Picasso: Minotaurs and Matadors
28 Apr - 25 Aug|
Picasso: Minotaurs and Matadors, curated by Sir John Richardson examines the intersection of Picasso’s bullfighting imagery with his mythological and biographical compositions of the 1930s. Including works dating from 1889 to 1971, this career-long survey traces Picasso’s engagement with the ancient rituals and narratives of his native Mediterranean.
Picasso, though one of history’s most innovative modernists, was grounded in the traditions of his Spanish heritage. Born in the southern port of Málaga in 1881, he was a lifelong aficionado of the drama of the bullfight: matadors, picadors, horses, and bulls were recurring subjects throughout his body of work, from his earliest childhood drawings to some of his final paintings.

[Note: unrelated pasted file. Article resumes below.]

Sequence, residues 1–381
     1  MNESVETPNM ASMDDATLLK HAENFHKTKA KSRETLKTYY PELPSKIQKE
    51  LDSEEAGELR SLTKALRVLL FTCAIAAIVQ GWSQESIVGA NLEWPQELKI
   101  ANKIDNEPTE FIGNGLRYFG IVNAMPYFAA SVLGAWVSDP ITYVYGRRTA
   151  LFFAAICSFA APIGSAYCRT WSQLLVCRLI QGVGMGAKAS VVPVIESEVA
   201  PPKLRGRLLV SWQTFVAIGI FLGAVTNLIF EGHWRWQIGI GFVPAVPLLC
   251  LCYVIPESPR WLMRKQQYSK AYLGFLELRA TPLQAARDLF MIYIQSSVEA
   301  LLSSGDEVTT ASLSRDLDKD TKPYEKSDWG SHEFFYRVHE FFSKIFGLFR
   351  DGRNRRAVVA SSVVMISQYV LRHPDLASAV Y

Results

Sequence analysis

Comprised of paintings, drawings, sculpture, prints, ceramics, and a home movie Picasso made in 1929, “Picasso: Minotaurs and Matadors” is presented in an innovative installation designed by the Stirling Prize-winning architecture firm Caruso St. John, and is accompanied by a fully illustrated catalogue with essays by Richardson, noted Picasso scholars Michael FitzGerald and Gertje Utley, and historian of Greek art and archaeology Clemente Marconi.
Image: Picasso wearing a bull’s head intended for bullfighter’s training, La Californie, Cannes, 1959. Photo by Edward Quinn © edwardquinn.com